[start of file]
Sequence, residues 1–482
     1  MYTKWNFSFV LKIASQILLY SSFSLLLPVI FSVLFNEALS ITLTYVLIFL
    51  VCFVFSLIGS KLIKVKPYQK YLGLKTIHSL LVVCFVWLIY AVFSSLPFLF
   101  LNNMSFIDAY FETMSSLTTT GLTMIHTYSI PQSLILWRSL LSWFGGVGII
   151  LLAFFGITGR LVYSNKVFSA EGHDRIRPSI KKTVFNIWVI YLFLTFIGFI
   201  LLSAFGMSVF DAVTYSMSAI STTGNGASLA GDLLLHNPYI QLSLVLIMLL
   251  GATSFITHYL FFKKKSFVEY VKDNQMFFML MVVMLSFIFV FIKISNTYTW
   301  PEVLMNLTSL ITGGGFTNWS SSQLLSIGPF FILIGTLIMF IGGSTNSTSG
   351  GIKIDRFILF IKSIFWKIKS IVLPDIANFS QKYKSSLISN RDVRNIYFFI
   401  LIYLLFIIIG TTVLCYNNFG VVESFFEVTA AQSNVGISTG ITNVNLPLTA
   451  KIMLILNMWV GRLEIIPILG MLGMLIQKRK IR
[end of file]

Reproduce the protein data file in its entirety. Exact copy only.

Sequence, residues 1–482
     1  MYTKWNFSFV LKIASQILLY SSFSLLLPVI FSVLFNEALS ITLTYVLIFL
    51  VCFVFSLIGS KLIKVKPYQK YLGLKTIHSL LVVCFVWLIY AVFSSLPFLF
   101  LNNMSFIDAY FETMSSLTTT GLTMIHTYSI PQSLILWRSL LSWFGGVGII
   151  LLAFFGITGR LVYSNKVFSA EGHDRIRPSI KKTVFNIWVI YLFLTFIGFI
   201  LLSAFGMSVF DAVTYSMSAI STTGNGASLA GDLLLHNPYI QLSLVLIMLL
   251  GATSFITHYL FFKKKSFVEY VKDNQMFFML MVVMLSFIFV FIKISNTYTW
   301  PEVLMNLTSL ITGGGFTNWS SSQLLSIGPF FILIGTLIMF IGGSTNSTSG
   351  GIKIDRFILF IKSIFWKIKS IVLPDIANFS QKYKSSLISN RDVRNIYFFI
   401  LIYLLFIIIG TTVLCYNNFG VVESFFEVTA AQSNVGISTG ITNVNLPLTA
   451  KIMLILNMWV GRLEIIPILG MLGMLIQKRK IR